A couple weeks after I got home to LA, Renaldo was murdered. Four gangsters and a crooked cop went into his shop, tied him up, stabbed him in the head a few times, shot him in the back and then through the mouth. Renaldo was sleeping with a girl, and one of these men had a problem with it. When I look at this picture, it breaks my heart, I barely knew him but I miss him so much.
When you took photos of the locals, did you ask for permission or just shoot? How much did you interact with them, and how did they respond to your camera?
I either ask (Always if it is a picture of an individual), or I at least make it blatantly obvious that I am here, and I am taking pictures. The majority of the time they respond poorly to the fact that I am white, my camera is just the cherry on top. Haitians are incredibly hard to photograph because of my whiteness. Jeanmary likes to tease me about how many more photographs I would be able to get if I was black and mute. I usually make friends first. If I can’t make friends… then Jeanmary will make friends and try to convince them to put up with me. My style of shooting is very subtle, so I rarely piss people off once I feel it is okay to start. I prefer to photograph people that I have a meaningful relationship with. The trust will show in the image. I go that route first, but it isn’t always possible.
Tell us about the equipment you brought to Haiti, and how it helped you achieve your artistic vision.
In Haiti, I use a Nikon D7000 and a 24/1.4.
I took a few lenses along on the first trip but I have figured out now that (on a cropped sensor) 24mm is how I frame things in my head. I prefer to shoot at night… no matter where I am, so the brighter the lens the better. No matter where I am (excluding jobs) I carry one camera with one prime lens. Anything more than that just bugs me… and draws more attention.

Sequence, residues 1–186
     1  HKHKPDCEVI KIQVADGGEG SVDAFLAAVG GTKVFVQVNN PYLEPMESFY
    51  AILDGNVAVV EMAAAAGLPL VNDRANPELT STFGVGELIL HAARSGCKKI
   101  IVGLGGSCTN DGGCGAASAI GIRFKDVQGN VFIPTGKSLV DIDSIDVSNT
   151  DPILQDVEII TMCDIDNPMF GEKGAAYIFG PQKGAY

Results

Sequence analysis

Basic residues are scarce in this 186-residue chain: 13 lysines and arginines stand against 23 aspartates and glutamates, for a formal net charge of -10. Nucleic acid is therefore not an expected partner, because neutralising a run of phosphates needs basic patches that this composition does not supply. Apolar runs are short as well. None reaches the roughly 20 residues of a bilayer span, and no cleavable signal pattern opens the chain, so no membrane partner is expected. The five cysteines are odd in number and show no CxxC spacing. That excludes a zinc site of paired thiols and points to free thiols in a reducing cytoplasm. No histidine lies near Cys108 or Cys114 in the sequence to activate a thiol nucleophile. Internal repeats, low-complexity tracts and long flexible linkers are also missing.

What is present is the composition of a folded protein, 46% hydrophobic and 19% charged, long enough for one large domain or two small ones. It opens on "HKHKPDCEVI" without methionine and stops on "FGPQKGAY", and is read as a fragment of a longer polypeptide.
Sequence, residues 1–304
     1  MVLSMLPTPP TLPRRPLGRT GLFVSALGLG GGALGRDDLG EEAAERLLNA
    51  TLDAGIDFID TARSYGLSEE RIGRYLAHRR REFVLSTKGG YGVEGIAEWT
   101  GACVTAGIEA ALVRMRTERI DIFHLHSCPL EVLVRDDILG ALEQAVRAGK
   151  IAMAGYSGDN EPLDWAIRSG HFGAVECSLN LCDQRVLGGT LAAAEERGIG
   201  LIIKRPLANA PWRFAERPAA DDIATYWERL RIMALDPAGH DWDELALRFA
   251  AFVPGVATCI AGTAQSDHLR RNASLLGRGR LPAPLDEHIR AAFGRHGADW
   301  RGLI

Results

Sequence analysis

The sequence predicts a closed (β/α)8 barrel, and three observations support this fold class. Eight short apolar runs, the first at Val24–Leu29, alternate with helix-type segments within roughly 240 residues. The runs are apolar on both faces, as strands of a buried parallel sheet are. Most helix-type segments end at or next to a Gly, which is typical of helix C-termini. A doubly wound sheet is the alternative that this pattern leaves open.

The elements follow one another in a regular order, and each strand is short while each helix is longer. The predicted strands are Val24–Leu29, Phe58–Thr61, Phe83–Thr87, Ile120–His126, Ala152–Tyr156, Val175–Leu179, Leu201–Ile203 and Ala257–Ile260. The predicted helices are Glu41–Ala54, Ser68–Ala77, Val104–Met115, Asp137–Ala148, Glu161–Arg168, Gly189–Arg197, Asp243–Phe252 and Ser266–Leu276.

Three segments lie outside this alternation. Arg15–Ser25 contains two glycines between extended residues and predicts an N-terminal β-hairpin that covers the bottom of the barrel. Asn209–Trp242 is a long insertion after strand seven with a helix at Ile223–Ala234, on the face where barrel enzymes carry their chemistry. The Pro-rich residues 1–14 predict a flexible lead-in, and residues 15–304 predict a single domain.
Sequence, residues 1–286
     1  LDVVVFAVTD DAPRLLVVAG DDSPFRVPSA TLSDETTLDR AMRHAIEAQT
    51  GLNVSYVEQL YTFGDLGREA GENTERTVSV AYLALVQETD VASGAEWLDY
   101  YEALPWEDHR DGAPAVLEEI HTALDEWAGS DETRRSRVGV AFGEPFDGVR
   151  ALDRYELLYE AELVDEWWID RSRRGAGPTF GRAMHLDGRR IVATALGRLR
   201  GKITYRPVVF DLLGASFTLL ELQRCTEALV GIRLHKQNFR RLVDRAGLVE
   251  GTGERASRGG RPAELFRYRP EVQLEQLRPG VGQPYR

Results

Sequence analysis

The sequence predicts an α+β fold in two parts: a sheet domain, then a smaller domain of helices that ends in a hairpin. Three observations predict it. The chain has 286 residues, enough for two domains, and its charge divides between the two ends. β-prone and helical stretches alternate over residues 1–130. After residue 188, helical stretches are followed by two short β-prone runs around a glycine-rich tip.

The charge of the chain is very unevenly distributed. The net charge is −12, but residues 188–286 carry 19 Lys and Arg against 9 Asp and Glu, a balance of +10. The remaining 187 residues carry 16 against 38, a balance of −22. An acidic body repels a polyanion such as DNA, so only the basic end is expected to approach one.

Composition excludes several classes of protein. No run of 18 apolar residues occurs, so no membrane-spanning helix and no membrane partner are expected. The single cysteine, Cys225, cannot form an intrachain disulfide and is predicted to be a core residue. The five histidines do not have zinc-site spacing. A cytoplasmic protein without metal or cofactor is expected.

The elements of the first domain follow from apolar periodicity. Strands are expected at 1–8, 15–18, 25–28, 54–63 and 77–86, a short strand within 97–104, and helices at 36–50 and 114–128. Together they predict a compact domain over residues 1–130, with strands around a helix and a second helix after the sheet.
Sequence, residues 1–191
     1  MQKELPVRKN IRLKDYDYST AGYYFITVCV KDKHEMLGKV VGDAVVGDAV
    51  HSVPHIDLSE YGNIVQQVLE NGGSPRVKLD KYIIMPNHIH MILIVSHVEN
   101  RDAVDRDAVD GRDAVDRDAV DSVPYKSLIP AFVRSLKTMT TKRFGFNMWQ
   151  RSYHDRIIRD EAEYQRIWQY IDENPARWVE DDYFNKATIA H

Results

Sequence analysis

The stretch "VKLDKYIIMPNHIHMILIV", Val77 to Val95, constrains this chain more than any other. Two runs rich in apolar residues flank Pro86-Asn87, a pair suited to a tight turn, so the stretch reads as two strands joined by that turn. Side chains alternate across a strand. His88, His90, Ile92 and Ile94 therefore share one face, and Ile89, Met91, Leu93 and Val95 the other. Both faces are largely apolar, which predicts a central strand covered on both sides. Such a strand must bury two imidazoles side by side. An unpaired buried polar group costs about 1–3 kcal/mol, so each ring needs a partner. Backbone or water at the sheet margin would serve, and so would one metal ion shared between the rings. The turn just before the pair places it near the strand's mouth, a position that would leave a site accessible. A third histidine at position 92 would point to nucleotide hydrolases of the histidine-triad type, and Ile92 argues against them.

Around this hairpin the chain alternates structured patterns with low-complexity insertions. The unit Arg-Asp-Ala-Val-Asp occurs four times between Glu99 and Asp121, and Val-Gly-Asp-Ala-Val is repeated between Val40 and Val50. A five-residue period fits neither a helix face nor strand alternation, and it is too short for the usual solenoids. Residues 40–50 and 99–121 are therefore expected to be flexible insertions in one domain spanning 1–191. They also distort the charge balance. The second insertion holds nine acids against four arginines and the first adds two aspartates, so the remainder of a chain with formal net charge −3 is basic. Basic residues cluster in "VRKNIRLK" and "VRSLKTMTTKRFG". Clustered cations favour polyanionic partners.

How long were you in Haiti and how did you feel coming back to Los Angeles?
My trips have been for two weeks at a time.
When I come back I feel great for a few days and then I start drinking too much. It takes me a couple weeks to get back to normal. I go through pretty extreme cycles. My family and friends are very supportive and they talk me through my frustrations. Previously I was a volunteer for the Red Cross for about 6 months. I photographed many of their events and was in training to become a disaster responder here in LA. I had the opportunity to spent some time with the head of emergency operations in Haiti. I saw their largest tent city and cholera hospital. When I got back I removed myself from the volunteer list. What I observed was very enlightening. It took some time to absorb that experience and what it means.
After this last trip I went more bonkers than usual because I was beginning to toy with the idea of managing a project that would clean up the morgue at the general hospital. When Renaldo died, his body was left sprawled on the floor of the morgue hallway for almost two weeks. The staff at the morgue demanded money from Jeanmary in order to put him in the freezer (there was plenty of room). They are essentially gangsters, and they hold the dead as hostages. It really mixed me up for awhile. The morgue has become a focused project in and of itself since then.
Is there anything else I missed that you would like to mention?
I don’t consider myself a street photographer, but I do believe that street photographs are key to this project. One of the most important qualities of street photographs is that they give the viewer a finger on the pulse of a city. During the two trips I have made so far, I have never once seen a photographer walking around on the street, nor have I seen any at all once the sun goes down. They drive around in private cars, and when they do stop and get out, most have a security team with them. Try going out and taking street photographs ANYWHERE with an entourage. No one will be themselves. It’s already hard enough to get Haitians to lighten up around one white person.
A mentor of mine tried to discourage me from going back to Haiti and continuing this project. He felt that the country was over saturated with photographers, the situation was too complicated for me, and that no one back home was interested anymore. Unfortunately he was right, but that is exactly why I need to keep at this. I just don’t see any images coming out of Haiti that , in my opinion, do the country or the people justice. It isn’t all drama all the time like the media would have you believe. The living and the dead alike should be photographed calmly.
Images from “Waiting from Haiti”
If you would like to support areas such as Haiti or places anywhere else in the world, please consider making a donation to the American Red Cross.
How did you feel after reading this article and seeing Robert’s images? Feel free to leave words of encouragement and support for Robert as well as anything else you would like to say.